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Last Saturday the Guyana Police Force held the Guyana Elections Commission (GECOM) Chief Election Officer (CEO), Keith Lowenfield, on another allegation relating to the 2nd March General and Regional Elections. The Police in its statement said Mr. Lowenfield had a confrontation with a witness in the presence of his lawyer and “once again he opted to remain silent.” On Sunday, the CEO’s Attorney, Mr. Nigel Hughes, released a statement which answered the question, “who was the witness?” According to Mr. Hughes’ statement, the witness was an activist of the People’s Progressive Party/Civic (PPP/C) and polling agent.
This entire brouhaha with Mr. Lowenfield and the Police has become a charade, even the blind could see. Mr. Hughes in his statement said the pursuit of the CEO has “The unambiguous intention …to have him classified as a tainted witness at the time of any possible testimony in the conduct of the Election Petition cases.” Mr. Hughes’ perspective cannot be faulted. The way the police are going after Mr. Lowenfield could be said it is aimed not only to discredit him but also put a financial strain on him. He was placed on station bail Saturday, though the amount was not revealed. What is known is that in July when he was charged his bail was $450,000.00. If it is a case where the police are hoping bail cannot be raised and they would get an opportunity to place Mr. Lowenfield in the lockups they need to disabuse themselves of that tactic quickly.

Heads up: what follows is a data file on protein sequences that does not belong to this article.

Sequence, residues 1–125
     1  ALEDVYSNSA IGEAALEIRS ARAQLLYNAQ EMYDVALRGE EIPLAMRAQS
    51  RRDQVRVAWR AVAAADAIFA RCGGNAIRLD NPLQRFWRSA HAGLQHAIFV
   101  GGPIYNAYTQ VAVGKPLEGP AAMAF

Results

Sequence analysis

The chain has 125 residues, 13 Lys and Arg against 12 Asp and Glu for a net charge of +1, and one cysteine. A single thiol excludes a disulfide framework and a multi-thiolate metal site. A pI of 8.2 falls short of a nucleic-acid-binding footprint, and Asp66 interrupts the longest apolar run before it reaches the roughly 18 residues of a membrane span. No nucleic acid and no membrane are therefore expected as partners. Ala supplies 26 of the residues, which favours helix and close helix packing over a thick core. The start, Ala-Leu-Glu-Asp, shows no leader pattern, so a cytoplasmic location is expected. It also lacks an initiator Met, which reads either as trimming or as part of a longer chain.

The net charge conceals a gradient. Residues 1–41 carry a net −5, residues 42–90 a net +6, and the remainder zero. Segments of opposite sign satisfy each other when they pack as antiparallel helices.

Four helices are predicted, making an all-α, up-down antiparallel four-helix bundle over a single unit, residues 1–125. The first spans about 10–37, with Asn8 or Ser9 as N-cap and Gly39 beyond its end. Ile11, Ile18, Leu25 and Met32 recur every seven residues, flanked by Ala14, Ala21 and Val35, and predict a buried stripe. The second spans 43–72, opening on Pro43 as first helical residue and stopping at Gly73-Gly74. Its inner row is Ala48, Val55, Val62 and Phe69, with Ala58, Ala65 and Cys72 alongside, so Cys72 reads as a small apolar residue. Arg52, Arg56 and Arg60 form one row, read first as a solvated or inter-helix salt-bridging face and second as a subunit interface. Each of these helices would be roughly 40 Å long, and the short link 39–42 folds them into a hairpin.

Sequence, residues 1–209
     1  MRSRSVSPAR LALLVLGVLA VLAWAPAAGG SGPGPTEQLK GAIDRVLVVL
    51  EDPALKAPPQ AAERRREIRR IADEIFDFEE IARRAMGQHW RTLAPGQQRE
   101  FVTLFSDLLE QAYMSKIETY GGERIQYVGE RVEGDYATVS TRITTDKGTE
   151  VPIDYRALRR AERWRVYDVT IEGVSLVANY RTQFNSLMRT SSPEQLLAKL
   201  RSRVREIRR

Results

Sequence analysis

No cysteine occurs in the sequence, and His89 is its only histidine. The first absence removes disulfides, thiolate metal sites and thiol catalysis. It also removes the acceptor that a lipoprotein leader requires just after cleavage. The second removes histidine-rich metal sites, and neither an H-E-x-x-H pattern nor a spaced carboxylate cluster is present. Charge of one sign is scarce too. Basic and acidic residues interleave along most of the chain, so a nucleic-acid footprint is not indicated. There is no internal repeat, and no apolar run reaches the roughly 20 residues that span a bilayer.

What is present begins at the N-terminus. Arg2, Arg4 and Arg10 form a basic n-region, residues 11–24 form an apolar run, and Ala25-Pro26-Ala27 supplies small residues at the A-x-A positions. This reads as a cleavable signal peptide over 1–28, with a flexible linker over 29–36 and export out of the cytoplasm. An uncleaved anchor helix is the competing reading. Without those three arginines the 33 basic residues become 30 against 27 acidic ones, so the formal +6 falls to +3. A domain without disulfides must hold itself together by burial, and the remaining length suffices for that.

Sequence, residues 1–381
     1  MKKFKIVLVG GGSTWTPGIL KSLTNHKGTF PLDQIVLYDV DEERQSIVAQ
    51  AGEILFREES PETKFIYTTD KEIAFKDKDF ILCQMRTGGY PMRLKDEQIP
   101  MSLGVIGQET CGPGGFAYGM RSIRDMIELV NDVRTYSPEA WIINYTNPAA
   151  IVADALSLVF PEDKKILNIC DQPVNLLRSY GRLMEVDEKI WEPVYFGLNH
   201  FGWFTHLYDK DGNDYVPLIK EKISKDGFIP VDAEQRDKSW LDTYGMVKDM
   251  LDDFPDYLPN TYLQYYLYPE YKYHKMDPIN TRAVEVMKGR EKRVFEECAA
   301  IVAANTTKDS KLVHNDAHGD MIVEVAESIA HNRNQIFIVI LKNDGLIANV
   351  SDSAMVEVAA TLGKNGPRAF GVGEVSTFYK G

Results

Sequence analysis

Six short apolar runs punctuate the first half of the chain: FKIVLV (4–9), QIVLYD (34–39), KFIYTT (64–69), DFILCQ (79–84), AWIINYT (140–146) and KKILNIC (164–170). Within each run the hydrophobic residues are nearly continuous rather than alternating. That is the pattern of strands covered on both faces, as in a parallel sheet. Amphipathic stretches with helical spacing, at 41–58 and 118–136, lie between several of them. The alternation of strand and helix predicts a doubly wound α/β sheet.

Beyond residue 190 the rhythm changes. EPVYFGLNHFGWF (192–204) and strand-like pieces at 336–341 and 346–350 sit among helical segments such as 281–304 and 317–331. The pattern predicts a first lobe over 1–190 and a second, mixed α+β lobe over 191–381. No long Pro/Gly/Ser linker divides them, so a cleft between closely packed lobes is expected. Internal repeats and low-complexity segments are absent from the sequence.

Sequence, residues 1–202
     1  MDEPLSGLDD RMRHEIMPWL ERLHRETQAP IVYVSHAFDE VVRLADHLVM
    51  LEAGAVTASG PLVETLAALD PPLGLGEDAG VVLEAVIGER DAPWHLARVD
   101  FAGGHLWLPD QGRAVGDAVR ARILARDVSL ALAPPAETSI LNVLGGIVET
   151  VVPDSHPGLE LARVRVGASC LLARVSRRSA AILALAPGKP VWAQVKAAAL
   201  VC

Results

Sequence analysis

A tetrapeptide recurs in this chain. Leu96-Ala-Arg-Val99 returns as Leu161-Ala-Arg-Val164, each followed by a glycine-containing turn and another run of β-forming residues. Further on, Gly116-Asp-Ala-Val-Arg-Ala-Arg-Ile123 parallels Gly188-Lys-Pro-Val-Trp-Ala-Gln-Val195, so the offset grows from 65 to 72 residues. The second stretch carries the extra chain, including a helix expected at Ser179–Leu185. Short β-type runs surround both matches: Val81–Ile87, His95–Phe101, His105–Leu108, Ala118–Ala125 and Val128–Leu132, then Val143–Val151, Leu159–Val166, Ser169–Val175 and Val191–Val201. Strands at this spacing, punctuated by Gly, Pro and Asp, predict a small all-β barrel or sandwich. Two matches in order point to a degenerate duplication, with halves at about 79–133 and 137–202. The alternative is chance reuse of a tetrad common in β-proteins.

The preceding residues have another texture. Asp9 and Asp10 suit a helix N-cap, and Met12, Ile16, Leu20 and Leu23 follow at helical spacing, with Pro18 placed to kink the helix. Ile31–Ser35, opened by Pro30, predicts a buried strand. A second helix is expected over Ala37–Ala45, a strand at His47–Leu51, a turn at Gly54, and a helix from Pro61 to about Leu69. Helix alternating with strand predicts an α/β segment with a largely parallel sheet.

People are beginning to express unease that the not so pleasant days of policing have returned. They feel the Force has lost the professionalism it was encouraged to cultivate during the time of Minister of Public Security, Mr. Khemraj Ramjattan. Some feel the Criminal Investigation Department (CID) under its present head has cast aside professionalism or acting on political directive. Others have argued were the police serious about allegations of fraud or other criminal conduct during the elections they should not be ignoring the GECOM polling staff who were responsible for those 47 plus ballot boxes. Those boxes were without any statutory documents and from the lower East Coast Demerara, a PPP/C stronghold.
In the so-called investigation the CID conveys a transparency which would have been laughable were it not embarrassingly putting on display a Force obsessed with harassment and violating the rights of the accused. The CID is solidifying the perception its interest is not in unlawful acts. They are yet to investigate the storming of the GECOM Building and calling those lawless persons in for questioning. Members of their own ranks were threatened by a prominent lawyer, the fear evident in their faces, but he had not been called in for questioning. All these incidents were recorded and could be accessed to facilitate an investigation, this is assuming the Force has a genuine interest in law and order.
The CID has to be mindful of being seen as given one directive, dare it be said political, to go after Mr. Lowenfield. Evidently, were there a desire to break the CEO’s spirit, opposition to this is gathering speed. There is a growing cadre of supporters, who at a moment’s notice, will rally to Mr. Lowenfield’s side. Were there any intention to embarrass, demean or humiliate the CEO it will not work. Citizens no longer feel the police are about getting to the truth.
The continued harassment of Mr. Lowenfield has made him a folk hero. He is seen as a hero for keeping his cool and refusing to buckle to what some think is a tactic the police are using. His continued silence, until he bears witness in an Election Petition if necessary, is deeply admired and seen as befitting someone with a character of steel.